English? German? French? – Are these words Dutch?!

When you’re learning Dutch, you might find yourself in confusing situations. What will happen when you learn Dutch in the Netherlands:

You don’t speak perfect Dutch and a lot of the Dutch don’t speak perfect English. Words get mixed up and confused.

What doesn’t help here and what makes it more difficult is that there are many words in Dutch that are similar to English, and actually there are many English loan words.

English loan words are words that originate from English and that the Dutch have come to regard as their own. Sometimes we have completely changed them, ‘Dutched’ them, and you can’t even see that they once came from another language.

English words in Dutch

Let’s take a look at these two Dutch sentences:

  • De hooligans eten junkfood op de mountainbike.
  • Op het dashboard is een sticker van een salesmanager in een entertainment outfit.

English translation is:

  • The hooligans eat junk food on mountain bikes.
  • On the dashboard is a sticker of a sales manager in an entertainment outfit.

But were the English translations necessary? 

Maybe these are strange sentences (I mean, a hooligan on a mountain bike?!), but they demonstrate that English loan words are everywhere in Dutch. And these are not just words for showing off. It would sound strange to find Dutch translations for these words.

  • placemat
  • callcenter
  • copywriter
  • cover
  • dashboard
  • talkshow

In the list I didn’t even mention the Dutch verbs that have an English origin. For example

  • Ik ben met mijn zus aan het skypen. (I am skyping my sister.)
  • Zullen we mariokarten? (Do you want to play mariokart?)
  • Ik kon niet stoppen met netflixen, ik ben de hele avond gebingwatcht. (I couldn’t stop watching Netflix, I binge watched all evening.)

It can go wrong

In Dutch culture there are some famous examples of misunderstandings because of the errors Dutch people made in  speaking. For example with politicians.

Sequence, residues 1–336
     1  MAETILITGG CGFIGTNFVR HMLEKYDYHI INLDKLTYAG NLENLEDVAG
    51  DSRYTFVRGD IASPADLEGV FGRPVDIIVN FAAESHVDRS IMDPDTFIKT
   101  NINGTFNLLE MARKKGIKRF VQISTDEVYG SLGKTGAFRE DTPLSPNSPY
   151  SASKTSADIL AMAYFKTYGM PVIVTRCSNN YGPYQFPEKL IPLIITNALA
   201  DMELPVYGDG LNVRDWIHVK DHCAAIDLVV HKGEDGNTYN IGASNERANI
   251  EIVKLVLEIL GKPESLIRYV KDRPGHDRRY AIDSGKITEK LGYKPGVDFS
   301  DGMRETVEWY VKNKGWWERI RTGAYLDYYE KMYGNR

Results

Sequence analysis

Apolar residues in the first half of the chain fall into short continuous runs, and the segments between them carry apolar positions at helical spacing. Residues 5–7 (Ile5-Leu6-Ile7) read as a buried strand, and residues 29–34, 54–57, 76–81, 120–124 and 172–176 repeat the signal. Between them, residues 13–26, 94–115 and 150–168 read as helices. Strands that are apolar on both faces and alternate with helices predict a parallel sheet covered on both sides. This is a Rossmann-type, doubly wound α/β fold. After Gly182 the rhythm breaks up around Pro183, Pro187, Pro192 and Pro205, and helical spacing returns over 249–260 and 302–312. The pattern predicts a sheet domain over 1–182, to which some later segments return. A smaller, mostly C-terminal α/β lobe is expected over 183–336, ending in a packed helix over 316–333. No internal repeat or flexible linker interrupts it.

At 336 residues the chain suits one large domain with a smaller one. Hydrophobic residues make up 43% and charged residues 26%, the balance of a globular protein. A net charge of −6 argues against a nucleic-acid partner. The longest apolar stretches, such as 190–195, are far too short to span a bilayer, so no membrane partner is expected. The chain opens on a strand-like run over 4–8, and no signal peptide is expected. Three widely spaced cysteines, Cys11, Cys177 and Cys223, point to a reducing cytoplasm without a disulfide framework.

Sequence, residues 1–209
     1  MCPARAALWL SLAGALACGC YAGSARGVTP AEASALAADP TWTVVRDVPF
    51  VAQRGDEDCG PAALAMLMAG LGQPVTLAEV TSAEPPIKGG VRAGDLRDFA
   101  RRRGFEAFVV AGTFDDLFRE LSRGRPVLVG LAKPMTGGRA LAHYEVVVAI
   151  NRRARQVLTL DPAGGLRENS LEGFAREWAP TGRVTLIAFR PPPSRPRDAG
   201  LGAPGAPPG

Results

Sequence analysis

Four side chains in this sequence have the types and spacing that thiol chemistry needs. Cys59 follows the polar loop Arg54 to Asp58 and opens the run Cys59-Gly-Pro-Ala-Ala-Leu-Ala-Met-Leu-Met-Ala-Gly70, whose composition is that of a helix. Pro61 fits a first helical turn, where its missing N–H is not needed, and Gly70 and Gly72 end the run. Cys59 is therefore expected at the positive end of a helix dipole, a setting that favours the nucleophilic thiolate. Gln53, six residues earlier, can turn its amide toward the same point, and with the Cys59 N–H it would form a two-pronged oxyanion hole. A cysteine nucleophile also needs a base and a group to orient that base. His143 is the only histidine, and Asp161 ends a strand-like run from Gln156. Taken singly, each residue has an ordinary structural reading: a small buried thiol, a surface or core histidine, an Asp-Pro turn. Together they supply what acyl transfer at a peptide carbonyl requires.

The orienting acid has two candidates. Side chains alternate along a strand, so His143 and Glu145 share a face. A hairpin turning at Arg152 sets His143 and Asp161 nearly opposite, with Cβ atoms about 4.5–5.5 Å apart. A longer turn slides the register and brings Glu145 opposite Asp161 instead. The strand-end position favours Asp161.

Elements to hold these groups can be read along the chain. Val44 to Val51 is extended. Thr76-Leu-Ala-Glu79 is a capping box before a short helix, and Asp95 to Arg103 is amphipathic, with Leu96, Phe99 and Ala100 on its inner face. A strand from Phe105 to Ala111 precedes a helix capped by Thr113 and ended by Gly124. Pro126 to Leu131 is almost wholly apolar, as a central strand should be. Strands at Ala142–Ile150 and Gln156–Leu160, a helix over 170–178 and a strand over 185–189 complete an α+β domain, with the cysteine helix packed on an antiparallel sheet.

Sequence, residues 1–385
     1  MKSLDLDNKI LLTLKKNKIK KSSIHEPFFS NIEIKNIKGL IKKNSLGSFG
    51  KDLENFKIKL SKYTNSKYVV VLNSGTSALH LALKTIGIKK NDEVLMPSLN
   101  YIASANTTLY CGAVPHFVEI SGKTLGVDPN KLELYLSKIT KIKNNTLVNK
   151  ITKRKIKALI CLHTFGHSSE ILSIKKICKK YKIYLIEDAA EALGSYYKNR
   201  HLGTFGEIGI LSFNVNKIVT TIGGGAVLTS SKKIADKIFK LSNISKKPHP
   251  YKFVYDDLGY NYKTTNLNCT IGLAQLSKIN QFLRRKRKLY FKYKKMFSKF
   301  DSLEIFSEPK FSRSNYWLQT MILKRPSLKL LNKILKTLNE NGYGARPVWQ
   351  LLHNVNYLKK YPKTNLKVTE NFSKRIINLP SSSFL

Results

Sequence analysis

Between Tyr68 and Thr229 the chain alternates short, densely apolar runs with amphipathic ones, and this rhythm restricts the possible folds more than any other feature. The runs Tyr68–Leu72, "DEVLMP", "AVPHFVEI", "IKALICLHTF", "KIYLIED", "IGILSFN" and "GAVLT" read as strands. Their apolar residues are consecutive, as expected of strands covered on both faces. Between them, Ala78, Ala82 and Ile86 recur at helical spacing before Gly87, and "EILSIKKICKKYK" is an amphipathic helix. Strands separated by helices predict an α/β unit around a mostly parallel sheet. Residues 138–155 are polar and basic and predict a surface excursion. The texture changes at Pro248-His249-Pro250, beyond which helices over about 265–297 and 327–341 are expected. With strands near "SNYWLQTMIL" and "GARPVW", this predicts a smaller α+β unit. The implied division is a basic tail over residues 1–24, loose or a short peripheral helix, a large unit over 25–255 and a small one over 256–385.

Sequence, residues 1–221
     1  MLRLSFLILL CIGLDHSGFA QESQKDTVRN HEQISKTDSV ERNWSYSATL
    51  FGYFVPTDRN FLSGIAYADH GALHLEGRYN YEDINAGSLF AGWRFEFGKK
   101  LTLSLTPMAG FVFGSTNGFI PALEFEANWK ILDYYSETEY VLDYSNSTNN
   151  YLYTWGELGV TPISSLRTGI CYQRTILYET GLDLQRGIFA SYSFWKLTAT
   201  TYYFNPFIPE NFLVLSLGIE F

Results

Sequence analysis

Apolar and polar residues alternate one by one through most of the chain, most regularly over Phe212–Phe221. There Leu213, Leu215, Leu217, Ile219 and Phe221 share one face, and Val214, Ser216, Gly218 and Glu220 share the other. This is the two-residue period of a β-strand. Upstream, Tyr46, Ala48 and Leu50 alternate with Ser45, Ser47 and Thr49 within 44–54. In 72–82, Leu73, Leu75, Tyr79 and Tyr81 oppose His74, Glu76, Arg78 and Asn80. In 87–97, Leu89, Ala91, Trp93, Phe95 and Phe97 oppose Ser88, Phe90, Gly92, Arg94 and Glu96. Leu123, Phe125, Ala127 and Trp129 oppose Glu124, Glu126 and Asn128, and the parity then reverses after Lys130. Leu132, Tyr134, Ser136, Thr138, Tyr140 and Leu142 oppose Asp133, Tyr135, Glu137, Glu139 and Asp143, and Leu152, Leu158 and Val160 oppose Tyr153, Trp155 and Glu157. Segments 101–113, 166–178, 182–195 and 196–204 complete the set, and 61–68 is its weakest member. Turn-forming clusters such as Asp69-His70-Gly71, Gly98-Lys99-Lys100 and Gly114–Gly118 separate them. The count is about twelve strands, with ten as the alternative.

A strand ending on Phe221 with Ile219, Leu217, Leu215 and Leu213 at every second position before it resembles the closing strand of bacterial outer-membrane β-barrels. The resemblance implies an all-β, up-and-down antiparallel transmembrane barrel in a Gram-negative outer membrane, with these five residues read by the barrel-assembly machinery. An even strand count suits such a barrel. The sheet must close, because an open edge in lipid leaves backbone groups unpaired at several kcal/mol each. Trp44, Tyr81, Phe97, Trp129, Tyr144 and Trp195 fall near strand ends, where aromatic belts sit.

During a meeting with John F. Kennedy, the Dutch Minister of Foreign Affairs was asked about his hobbies.

  • He said: “I fok horses”.
  • Kennedy, who was very surprised (of course), asked: “Pardon?”
  • Luns replied “Yes, paarden!”

The confusion comes from the Dutch words ‘fokken’, which means to breed and ‘paarden’ which means horses.

Not only might you get confused by all those English terms, mixed into your Dutch conversation. Be prepared for another great influence on Dutch.

French is a BIG influence on Dutch

It might come as a surprise to you but most foreign words in Dutch are from… France!

If you look in the Dutch dictionary you can find that almost half of the words in Dutch (!) have a French origin. They used to be French loanwords.

These French loan words are quite common: most of them were used before 1950, and now they have gained a permanent place in Dutch. Some examples:

  • accessoire (accessory)
  • portemonnee (wallet)
  • cheque (cheque)                                   
  • garage (garage)
  • vaccin (vaccine)           
  • contant (cash)
  • lingerie (underwear)      
  • paraplu (umbrella)
  • conducteur (train driver)

Besides English and French there are other languages that have had their influence on the Dutch language.

Loan words from Germany and Italy

From the German language there are words that have found their way into Dutch like:

  • überhaupt (at all)
  • sowieso (anyway)
  • heimwee (homesickness)
  • streber (over ambitious person)

And don’t forget the Italians with their words that, of course, relate to food

  • spaghetti
  • prosecco
  • macaroni

But also smaller words like

  • bankroet (bankrupt)
  • ciao (bye)
  • fiasco (failure)
  • basta (That’s final! Stop!)

Bart de Pau
online Dutch teacher & founder of the Dutch Summer School & Dutch Winter School